Gartner: Cybercriminals Will Kill by 2025
Ready for a dose of cyber anxiety? By 2025, Gartner predicts that cyber attackers will weaponize operational technology environments to harm or kill humans.
In coming after OT – that is, hardware and software that monitors and controls equipment – attackers gain the ability to impede upon cyber-physical systems (CPS), according to Gartner. This is the evolution from attacks like that on the Colonial Pipeline – disruption is one thing, but with enough access, bad actors can impact the health and welfare of private individuals.
“In operational environments, security and risk management leaders should be more concerned about real world hazards to humans and the environment, rather than information theft,” said Wam Voster, senior research director at Gartner. “Inquiries with Gartner clients reveal that organizations in asset-intensive industries like manufacturing, resources and utilities struggle to define appropriate control frameworks.”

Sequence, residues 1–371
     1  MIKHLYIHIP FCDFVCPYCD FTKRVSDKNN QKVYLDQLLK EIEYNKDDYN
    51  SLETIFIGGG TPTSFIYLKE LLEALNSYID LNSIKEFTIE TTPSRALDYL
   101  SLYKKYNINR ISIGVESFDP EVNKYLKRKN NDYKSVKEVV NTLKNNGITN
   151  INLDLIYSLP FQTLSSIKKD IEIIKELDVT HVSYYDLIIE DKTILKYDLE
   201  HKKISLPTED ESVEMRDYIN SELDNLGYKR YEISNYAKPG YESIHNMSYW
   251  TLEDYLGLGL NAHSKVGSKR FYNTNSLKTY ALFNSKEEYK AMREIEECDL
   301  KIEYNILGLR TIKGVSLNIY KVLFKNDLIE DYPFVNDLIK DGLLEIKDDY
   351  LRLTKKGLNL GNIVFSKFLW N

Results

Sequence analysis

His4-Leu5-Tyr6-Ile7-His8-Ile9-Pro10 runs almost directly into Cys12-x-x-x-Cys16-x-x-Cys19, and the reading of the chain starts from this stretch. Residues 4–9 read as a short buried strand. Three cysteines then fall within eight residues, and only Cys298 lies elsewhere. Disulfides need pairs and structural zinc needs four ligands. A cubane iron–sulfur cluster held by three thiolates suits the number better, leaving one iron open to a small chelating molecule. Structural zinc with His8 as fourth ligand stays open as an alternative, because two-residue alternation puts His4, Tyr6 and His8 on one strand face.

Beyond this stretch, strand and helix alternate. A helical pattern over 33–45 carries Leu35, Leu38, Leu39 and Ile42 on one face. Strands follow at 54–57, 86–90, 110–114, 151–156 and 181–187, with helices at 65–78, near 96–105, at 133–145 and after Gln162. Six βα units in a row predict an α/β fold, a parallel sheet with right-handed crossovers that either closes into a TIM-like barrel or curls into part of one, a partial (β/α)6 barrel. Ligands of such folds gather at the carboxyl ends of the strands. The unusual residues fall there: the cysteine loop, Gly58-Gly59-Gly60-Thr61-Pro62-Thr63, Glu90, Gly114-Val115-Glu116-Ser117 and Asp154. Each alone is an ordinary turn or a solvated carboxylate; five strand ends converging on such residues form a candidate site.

Of course, in a world where money talks, Gartner cites the financial impact on CPS as greater than $50 billion by 2023. Gartner also anticipates CEOs becoming personally liable for incidents where individuals are harmed.
And while hospitals are often considered key targets for these types of attacks, its also worthwhile to consider other possibilities – for example, the thwarted attack on a Florida water treatment plant earlier this year. In this attack, a hacker attempted to increase the amount of sodium hydroxide (lye) in the supply of drinking water. While the attack was quickly caught before any harm occurred, this is one example of ways cyber criminals can hack into operational technology.
The Data Connectors Cybersecurity Community is a discussion on life-threatening cyber threats (LTTs) at the New England Virtual Cybersecurity Summit on August 18. The Summit will be hosting guest keynote speaker Menny Barzilay, who will be giving a presentation titled: “Cyber Kills.”
One of the biggest challenges, which Barzilay will discuss in his keynote, is that current industry standards don’t protect against these types of threats – in fact, they’re barely even discussed. However, they need to be incorporated into every organization’s risk management strategy. After all, these attacks (currently) rarely happen – even though they’re very possible.
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